Most of the poor women workers, be it agricultural workers or unorganised workers, particularly in the rural areas do not have any facilities to take care of their children when they are away for work. As a result, they are forced to loose work or entrust the responsibility to their elder children. The older children, particularly girls are withdrawn from school adversely impacting their education and development.

Several agencies including the Planning Commission have recommended converting the anganwadi centres into anganwadi cum crèches so that the women can leave their small children in the anganwadi for the whole day. As anganwadi centres are being established in all villages and habitations, this will be of a great help to the poor working women, particularly in the villages and urban slums. This will also have a positive impact on the education of girl children.

Hence, we request the government to convert the anganwadi centres into anganwadi cum crèches, by providing all the necessary facilities.

10. Provide two meals to the children attending the anganwadi centres throughout the day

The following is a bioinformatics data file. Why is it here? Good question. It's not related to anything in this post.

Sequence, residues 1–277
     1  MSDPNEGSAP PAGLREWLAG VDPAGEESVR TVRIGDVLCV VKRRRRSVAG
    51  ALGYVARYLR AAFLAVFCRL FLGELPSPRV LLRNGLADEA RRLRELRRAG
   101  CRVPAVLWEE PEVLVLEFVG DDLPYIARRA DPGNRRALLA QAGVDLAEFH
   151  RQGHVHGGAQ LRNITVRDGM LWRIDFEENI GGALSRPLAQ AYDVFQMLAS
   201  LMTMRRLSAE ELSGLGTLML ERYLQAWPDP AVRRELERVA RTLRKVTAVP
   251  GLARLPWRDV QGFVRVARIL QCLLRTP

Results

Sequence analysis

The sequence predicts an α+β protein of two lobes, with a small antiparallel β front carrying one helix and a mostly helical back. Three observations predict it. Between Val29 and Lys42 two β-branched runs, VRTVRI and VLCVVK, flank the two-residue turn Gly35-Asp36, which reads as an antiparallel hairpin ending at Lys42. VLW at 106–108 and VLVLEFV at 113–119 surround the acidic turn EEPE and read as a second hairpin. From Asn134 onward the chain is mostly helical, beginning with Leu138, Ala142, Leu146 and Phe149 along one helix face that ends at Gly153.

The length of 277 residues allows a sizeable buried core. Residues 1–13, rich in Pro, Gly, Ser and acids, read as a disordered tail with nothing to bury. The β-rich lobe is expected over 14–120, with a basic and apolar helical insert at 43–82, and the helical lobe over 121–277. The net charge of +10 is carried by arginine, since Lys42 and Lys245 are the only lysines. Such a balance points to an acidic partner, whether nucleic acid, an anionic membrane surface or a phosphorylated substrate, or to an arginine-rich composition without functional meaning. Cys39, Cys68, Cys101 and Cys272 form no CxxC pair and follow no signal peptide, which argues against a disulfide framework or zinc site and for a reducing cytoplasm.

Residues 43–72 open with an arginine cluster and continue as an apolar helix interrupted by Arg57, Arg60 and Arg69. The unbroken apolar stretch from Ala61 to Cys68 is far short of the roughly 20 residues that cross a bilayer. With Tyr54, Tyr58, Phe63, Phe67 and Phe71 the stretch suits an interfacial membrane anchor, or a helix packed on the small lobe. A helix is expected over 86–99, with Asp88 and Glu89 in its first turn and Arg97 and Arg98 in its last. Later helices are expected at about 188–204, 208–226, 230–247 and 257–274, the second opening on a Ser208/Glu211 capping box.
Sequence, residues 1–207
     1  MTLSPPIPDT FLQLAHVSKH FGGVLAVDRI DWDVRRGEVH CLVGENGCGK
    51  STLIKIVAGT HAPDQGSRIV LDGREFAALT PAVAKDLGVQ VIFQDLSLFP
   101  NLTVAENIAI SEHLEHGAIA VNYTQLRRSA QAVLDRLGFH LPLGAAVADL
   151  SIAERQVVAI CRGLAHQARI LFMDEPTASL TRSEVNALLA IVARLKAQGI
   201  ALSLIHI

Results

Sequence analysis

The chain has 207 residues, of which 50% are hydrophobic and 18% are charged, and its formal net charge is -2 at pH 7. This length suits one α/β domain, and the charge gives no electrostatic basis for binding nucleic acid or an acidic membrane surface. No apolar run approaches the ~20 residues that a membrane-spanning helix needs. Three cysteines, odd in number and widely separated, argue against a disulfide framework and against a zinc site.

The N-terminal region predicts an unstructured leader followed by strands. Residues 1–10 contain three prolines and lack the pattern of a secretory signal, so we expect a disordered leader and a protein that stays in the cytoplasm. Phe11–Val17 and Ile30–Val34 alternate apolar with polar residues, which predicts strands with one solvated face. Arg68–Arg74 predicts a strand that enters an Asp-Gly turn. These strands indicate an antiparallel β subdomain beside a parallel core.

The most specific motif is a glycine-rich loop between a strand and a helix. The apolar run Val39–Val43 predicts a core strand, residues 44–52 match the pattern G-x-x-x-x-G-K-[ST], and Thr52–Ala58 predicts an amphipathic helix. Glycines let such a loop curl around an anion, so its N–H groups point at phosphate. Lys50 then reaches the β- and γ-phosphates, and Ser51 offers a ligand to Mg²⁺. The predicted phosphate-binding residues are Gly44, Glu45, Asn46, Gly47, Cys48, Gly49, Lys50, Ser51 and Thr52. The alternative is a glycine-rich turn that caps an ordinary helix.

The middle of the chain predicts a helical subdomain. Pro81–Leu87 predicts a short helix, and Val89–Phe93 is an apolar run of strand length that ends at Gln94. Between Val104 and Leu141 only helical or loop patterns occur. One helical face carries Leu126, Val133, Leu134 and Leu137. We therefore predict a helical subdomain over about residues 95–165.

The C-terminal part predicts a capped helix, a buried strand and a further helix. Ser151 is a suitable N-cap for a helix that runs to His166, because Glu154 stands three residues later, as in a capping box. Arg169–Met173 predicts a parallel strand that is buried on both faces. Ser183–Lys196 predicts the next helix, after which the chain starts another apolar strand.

The government has decided to increase the working hours of the anganwadi centres to five. But, the amount of food being provided to the children attending the anganwadi centres has not been increased. In some states, the same amount of food is being asked to be distributed in two portions.

As you are aware, small children need frequent feeding and it is necessary to provide them with two meals when they stay in the anganwadi centres for five hours. Dividing the quantity being provided now into two portions will not help in satisfying their nutritional needs or hunger.

Hence, it is necessary to increase the quantity of feeding supplied to the children in the anganwadi centres and provide feeding for two times in a day.

11. Fill up all the vacant posts in ICDS

10,33,338 anganwadi centres are reported to be operational by the end of 2008 according to the 2008 – 09 Annual Report of the Ministry of Women and Child Development. But even in these reportedly operational anganwadi centres, thousands of posts of anganwadi workers and helpers remain vacant. Besides, a large number of posts of supervisors, CDPOs and other officers are vacant in many states creating difficulties in the functioning and monitoring of the anganwadi centres.